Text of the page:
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Ranking Community Answers by Modeling QuestionAnswer Relationships via Analogical Reasoning
"... The method of finding highquality answers has a significant impact on users ’ satisfaction in a community question answering system. However, due to the lexical gap between questions and answers as well as spam typically contained in usergenerated content, filtering and ranking answers is very cha ..."
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The method of finding highquality answers has a significant impact on users ’ satisfaction in a community question answering system. However, due to the lexical gap between questions and answers as well as spam typically contained in usergenerated content, filtering and ranking answers is very challenging. Existing solutions mainly focus on generating redundant features, or finding textual clues using machine learning techniques; none of them ever consider questions and their answers as relational data but instead model them as independent information. Meanwhile, they only consider the answers of the current question, and ignore any previous knowledge that would be helpful to bridge the lexical and semantic gap. We assume that answers are connected to their questions with various types of links, i.e. positive links indicating highquality answers, negative links indicating incorrect answers or usergenerated spam, and propose an analogical reasoningbased approach which measures the analogy between the new questionanswer linkages and those of some previous relevant knowledge which contains only positive links; the candidate answer which has the most analogous link to the supporting set is assumed to be the best answer. We conducted our experiments based on 29.8 million Yahoo!Answer questionanswer threads and showed the effectiveness of our proposed approach.
Small sets of interacting proteins suggest latent linkage mechanisms through analogical reasoning
, 2007
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Testing a Bayesian Measure of Representativeness Using a Large Image Database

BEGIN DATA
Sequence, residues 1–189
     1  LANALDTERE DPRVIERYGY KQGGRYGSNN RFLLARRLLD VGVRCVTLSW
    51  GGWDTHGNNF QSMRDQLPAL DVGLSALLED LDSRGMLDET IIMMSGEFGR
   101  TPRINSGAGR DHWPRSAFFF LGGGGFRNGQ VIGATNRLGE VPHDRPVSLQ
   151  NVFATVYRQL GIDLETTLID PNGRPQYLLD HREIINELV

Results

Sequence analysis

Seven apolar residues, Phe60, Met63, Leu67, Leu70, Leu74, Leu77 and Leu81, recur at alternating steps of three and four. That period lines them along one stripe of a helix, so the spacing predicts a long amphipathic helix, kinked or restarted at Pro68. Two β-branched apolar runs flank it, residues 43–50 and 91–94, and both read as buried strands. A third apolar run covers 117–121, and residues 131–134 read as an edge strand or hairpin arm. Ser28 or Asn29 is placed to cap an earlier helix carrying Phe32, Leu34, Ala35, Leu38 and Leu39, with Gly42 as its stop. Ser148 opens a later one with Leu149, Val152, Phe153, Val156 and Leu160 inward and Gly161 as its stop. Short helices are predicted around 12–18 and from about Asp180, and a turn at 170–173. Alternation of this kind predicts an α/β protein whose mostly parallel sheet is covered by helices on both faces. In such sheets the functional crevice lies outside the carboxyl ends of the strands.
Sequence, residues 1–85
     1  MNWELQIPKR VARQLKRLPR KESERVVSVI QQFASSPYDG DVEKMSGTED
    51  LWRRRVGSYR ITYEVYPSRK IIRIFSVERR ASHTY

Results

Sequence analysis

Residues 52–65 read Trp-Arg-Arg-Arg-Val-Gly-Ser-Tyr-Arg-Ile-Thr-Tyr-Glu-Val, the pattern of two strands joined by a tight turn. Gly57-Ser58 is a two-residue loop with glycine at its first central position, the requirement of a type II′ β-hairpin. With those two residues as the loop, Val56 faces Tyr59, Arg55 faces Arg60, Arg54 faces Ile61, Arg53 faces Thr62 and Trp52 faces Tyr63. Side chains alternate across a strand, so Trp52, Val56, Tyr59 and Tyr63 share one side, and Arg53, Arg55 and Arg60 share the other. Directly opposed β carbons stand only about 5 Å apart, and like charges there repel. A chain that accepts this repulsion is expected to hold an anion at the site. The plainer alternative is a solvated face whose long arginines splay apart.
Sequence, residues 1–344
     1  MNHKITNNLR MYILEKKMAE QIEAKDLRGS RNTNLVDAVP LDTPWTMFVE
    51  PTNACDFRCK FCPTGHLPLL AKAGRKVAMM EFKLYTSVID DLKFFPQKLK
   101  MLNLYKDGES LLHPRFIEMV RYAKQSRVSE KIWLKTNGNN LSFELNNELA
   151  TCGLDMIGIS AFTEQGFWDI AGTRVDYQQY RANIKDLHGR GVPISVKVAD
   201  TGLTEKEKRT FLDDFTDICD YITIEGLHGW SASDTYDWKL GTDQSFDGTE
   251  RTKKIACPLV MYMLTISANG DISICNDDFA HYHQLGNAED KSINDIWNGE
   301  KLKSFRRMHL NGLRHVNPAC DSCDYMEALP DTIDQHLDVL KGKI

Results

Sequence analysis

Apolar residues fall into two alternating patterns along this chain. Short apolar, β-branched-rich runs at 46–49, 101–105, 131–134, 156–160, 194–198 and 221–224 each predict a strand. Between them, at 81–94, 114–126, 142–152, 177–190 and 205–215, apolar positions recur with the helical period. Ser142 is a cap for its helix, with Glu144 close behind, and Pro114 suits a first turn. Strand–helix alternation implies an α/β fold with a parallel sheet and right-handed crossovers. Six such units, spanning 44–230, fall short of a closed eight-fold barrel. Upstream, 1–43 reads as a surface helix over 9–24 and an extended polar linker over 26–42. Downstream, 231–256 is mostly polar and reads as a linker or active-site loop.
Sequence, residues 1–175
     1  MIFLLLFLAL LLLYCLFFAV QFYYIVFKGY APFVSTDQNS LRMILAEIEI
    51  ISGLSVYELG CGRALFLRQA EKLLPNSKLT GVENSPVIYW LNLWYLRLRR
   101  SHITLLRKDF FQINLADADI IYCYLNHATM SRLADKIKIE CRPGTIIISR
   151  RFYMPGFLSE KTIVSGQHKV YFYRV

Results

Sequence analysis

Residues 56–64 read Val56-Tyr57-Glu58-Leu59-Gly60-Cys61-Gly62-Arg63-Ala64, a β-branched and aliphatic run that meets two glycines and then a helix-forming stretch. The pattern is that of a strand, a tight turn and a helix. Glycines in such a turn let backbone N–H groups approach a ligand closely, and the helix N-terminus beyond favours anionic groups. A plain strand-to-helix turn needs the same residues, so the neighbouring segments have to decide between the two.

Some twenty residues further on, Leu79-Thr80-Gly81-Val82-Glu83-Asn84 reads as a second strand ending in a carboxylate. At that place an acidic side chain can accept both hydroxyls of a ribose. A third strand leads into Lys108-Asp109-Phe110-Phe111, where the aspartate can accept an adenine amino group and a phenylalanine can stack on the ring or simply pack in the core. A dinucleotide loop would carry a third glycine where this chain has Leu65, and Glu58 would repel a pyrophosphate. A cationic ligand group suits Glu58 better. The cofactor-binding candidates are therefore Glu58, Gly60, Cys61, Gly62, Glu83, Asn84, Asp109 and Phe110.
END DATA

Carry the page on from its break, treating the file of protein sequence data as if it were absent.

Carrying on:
"... How do people determine which elements of a set are most representative of that set? We extend an existing Bayesian measure of representativeness, which indicates the representativeness of a sample from a distribution, to define a measure of the representativeness of an item to a set. We show that t ..."
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How do people determine which elements of a set are most representative of that set? We extend an existing Bayesian measure of representativeness, which indicates the representativeness of a sample from a distribution, to define a measure of the representativeness of an item to a set. We show that this measure is formally related to a machine learning method known as Bayesian Sets. Building on this connection, we derive an analytic expression for the representativeness of objects described by a sparse vector of binary features. We then apply this measure to a large database of images, using it to determine which images are the most representative members of different sets. Comparing the resulting predictions to human judgments of representativeness provides a test of this measure with naturalistic stimuli, and illustrates how databases that are more commonly used in computer vision and machine learning can be used to evaluate psychological theories. 1
RANKING RELATIONS USING ANALOGIES IN BIOLOGICAL AND INFORMATION NETWORKS
, 2009
"... Analogical reasoning depends fundamentally on the ability to learn and generalize about relations between objects. We develop an approach to relational learning which, given a set of pairs of objects S ={A (1) : B (1),A (2): B (2),...,A (N) : B (N)}, measures how well other pairs A: B fit in with th ..."